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Did the Chinese regime of Xi Jinping just make a mistake in its campaign to silence its critics in Hong Kong?

At the very least, the arrest this week of Jimmy Lai, the outspoken owner of a popular pro-democracy tabloid in Hong Kong, has rallied the territory’s residents against Beijing’s first major attempt to assert its new authority over the former British colony.

It it also a reminder that Beijing’s desire to absorb Hong Kong into the corrupt justice system that keeps Chinese citizens silent on the mainland has not yet been fulfilled, and that there is still time to try to preserve the freedoms that China vowed would continue when it took over the territory in 1997.

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Mr. Lai is now out on bail, along with his two sons and four executives from his media company, who were also arrested and charged. He isn’t stashed away in a Chinese jail, the way an accused dissident or alleged threat to national security on the mainland would be.

Instead, the 72-year-old media mogul is using his freedom to speak out against the actions of Beijing and its supporters in the Hong Kong government. His Twitter feed was filled this week with sharp satire and links to Apple Daily pieces critical of China. He is still giving interviews to foreign journalists, and he went ahead with a weekly live online chat in which he discussed his arrest.

“The show must go on!” he tweeted.

Most importantly of all, his newspaper, Apple Daily, is still publishing, even though 200 Hong Kong police officers carried out a garish, nine-hour raid on its newsroom the day he was arrested.

Officers paraded Mr. Lai in handcuffs past his employees, and seized a large number of documents, on grounds that Mr. Lai had violated the controversial new security law that China imposed on Hong Kong as of July 1. The law criminalizes talk of independence and outlaws criticism of the Chinese Communist Party, casting such acts as sedition, terrorism and colluding with a foreign power.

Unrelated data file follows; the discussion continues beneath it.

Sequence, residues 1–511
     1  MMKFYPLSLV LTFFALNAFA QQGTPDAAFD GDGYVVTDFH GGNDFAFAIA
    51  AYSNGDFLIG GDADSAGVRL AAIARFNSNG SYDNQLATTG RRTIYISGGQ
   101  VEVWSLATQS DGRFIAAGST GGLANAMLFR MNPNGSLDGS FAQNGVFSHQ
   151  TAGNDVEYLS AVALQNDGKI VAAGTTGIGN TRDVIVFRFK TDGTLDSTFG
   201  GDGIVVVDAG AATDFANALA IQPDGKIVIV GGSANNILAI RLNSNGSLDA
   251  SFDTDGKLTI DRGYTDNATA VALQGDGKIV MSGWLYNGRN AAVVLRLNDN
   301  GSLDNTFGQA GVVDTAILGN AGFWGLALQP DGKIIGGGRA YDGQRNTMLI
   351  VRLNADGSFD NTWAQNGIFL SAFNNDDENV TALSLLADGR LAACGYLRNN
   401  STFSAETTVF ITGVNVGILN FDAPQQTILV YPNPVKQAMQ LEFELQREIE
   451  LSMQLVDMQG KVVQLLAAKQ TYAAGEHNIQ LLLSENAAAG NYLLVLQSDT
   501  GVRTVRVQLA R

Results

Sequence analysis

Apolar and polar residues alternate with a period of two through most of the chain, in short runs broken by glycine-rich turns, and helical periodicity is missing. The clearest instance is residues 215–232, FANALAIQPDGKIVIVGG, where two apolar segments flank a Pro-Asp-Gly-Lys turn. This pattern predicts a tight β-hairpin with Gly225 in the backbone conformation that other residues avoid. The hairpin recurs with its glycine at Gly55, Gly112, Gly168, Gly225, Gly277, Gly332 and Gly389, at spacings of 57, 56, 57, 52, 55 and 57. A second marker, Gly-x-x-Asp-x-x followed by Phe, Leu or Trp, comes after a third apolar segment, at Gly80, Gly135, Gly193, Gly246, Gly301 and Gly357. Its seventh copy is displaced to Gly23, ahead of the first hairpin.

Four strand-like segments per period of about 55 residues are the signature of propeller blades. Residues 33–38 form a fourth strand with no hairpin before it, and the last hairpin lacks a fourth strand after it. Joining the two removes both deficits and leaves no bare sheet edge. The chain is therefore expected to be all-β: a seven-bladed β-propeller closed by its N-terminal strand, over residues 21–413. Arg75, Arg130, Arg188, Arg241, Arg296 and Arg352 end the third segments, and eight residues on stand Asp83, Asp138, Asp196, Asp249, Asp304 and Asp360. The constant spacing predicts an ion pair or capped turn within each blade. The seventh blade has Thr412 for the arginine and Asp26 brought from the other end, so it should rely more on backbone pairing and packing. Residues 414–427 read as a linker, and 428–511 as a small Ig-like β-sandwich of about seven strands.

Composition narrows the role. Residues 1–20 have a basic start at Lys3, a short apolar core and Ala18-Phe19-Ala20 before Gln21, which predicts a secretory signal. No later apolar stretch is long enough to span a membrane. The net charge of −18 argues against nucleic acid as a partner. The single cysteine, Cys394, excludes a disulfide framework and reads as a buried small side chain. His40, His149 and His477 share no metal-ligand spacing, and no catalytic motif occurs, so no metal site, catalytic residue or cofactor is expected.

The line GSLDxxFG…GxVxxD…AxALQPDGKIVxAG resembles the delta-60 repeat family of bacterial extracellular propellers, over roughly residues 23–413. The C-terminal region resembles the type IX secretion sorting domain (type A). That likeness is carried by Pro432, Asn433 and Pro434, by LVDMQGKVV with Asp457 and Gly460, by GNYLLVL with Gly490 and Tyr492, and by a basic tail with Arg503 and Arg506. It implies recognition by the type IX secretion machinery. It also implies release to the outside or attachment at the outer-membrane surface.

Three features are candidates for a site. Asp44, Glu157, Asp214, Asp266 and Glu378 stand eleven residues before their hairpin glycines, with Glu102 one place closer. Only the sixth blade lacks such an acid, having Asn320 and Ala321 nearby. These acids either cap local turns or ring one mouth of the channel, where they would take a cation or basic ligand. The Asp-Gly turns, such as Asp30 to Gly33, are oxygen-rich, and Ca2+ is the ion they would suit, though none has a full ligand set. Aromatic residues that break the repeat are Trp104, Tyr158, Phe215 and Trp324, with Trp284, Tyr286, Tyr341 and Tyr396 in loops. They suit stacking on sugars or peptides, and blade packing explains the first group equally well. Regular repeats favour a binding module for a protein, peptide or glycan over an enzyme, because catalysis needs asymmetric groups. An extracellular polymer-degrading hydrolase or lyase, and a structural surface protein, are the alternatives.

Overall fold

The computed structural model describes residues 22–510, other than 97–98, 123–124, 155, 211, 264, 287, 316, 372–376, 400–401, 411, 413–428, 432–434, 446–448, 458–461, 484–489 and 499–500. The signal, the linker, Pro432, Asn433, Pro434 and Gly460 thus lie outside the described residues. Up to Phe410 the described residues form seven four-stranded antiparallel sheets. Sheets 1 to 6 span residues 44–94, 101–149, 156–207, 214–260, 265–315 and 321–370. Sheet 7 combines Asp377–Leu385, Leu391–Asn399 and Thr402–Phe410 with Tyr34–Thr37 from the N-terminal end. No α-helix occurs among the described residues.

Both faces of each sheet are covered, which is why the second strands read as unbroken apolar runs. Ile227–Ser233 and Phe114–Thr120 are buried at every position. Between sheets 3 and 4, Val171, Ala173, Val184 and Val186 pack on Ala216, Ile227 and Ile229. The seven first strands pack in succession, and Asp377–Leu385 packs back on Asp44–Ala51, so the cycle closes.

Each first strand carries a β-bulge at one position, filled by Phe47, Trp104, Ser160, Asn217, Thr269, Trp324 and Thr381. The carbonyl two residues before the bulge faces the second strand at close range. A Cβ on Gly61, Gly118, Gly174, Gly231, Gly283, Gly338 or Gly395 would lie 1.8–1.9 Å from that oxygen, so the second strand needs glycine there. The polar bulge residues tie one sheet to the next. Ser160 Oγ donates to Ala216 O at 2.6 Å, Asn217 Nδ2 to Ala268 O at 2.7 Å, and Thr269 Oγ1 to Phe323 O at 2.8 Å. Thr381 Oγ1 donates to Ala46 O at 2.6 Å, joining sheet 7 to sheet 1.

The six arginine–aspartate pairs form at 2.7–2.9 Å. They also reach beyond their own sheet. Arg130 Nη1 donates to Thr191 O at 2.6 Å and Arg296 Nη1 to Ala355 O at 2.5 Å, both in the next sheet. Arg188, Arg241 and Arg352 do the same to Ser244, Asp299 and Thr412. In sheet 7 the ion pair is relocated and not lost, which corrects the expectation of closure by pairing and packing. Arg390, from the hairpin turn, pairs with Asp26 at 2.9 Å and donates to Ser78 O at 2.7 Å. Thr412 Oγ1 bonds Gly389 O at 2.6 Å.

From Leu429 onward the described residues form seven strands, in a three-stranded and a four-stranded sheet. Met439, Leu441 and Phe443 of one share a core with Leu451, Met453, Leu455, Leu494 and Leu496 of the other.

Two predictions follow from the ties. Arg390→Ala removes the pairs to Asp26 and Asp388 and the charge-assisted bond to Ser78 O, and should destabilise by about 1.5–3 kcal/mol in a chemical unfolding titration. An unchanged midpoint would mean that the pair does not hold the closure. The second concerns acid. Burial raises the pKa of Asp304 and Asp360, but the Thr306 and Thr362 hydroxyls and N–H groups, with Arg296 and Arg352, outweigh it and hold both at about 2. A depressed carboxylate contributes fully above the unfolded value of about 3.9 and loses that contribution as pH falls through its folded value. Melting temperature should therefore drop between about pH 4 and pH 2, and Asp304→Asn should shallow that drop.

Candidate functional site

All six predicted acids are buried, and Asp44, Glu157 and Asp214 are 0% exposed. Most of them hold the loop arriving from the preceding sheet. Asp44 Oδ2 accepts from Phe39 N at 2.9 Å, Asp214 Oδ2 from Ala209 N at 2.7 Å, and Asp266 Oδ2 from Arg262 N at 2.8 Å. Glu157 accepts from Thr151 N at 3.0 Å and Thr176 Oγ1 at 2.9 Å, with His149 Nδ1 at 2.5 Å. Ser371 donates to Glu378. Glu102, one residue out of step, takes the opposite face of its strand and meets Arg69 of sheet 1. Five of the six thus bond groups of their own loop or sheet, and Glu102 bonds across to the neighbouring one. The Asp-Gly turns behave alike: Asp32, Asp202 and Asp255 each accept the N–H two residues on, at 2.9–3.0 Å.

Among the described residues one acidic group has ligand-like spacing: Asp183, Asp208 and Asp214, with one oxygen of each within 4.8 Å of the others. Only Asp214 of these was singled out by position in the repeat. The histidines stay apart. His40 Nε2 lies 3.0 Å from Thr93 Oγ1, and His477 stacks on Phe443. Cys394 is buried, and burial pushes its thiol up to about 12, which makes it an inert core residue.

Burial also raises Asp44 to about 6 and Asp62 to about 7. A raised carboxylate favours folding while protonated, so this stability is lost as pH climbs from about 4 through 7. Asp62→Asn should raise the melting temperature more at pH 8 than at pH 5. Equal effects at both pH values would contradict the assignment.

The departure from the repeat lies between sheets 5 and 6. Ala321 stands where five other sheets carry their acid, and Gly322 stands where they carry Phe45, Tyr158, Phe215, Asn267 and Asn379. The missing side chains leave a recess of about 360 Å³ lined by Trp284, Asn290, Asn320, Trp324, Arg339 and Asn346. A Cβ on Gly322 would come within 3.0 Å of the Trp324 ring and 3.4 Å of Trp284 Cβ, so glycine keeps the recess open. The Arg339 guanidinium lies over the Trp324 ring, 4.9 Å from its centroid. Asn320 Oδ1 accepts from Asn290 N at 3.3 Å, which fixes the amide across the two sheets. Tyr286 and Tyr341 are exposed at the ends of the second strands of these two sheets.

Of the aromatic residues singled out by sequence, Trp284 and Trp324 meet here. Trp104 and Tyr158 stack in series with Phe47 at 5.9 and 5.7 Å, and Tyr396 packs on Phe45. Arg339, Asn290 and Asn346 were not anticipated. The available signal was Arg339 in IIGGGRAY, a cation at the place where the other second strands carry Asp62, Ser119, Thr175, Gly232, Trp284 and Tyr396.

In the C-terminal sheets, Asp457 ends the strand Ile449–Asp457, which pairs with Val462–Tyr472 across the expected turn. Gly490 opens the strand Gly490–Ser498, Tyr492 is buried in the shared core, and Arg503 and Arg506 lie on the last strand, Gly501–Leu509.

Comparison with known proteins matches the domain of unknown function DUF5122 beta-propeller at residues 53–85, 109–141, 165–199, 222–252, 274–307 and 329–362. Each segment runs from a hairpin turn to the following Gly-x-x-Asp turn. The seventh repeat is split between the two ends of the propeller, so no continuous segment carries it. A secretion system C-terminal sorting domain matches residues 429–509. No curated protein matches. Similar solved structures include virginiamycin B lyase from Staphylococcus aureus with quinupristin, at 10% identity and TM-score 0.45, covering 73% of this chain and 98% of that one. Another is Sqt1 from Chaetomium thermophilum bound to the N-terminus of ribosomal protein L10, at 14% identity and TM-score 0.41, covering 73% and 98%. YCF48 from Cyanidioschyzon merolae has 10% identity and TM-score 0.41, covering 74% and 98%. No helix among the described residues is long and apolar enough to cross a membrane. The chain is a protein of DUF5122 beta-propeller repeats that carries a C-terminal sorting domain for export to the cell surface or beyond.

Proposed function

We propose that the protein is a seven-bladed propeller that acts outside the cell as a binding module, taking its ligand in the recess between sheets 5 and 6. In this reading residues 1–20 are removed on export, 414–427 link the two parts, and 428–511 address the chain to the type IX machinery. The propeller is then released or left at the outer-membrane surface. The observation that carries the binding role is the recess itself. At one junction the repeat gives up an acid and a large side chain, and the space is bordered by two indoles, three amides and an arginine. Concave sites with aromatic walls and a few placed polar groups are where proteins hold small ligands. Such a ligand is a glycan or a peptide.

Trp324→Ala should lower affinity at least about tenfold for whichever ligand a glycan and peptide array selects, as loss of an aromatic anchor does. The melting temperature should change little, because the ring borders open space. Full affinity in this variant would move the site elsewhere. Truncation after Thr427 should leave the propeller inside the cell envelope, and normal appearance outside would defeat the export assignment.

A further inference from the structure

The arrest of a high-profile media mogul and the raid on the Apple Daily newsroom were obvious intimidation and harassment tactics, designed to dampen support for independence in Hong Kong, and silence criticism of Mr. Xi’s regime.

It didn’t work. Hong Kongers lined up to buy the next day’s issue of Apple Daily, which was filled with accounts of the arrests. The tabloid sold 500,000 copies, five times the normal press run. As well, more than 20,000 Hong Kongers bought digital subscriptions in the days after the raid.

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Not only that, the newspaper’s supporters answered social media calls to buy stock in Mr. Lai’s media company, Next Digital. The stock price jumped 1,200 per cent in the two days after the arrests, thanks in part to retail investors who purchased just one or two shares in solidarity. (The share price has since fallen, but it remains up overall on Thursday.)

And Mr. Lai, though scared, is still speaking his mind. Beijing’s attempt to intimidate him has backfired.

There is no doubt Mr. Xi’s henchmen will try again. Beijing has already forced Hong Kong to postpone coming local elections for a year, because pro-democracy candidates were likely to win and might have taken control of the Legislative Council. Beijing has also banned four duly elected pro-democracy LegCo members in a naked attempt to keep its side in control.

The arrest of Mr. Lai and others puts the lie to the claim by Hong Kong’s government that the new security law would only be used to crack down on pro-democracy rioting going forward, and would not be invoked to retroactively go after critics or silence the press.

Above all, China has effectively voided the “one country, two systems” international treaty it signed before it took over Hong Kong in 1997. If the new security law proves unable to intimidate Hong Kongers, no doubt Beijing will do an end run around the territory’s relatively independent justice system, with its bail laws and other inconveniences, and simply start disappearing people like Mr. Lai into mainland jails.

That’s why the world, Canada included, needs to support Mr. Lai and keep the pressure on Beijing. As Mr. Lai said in a recent op-ed in The New York Times, the longer Hong Kong can hold out, the more the world will see “how distrust-worthy China is, how dangerous it is to peace in the world.”

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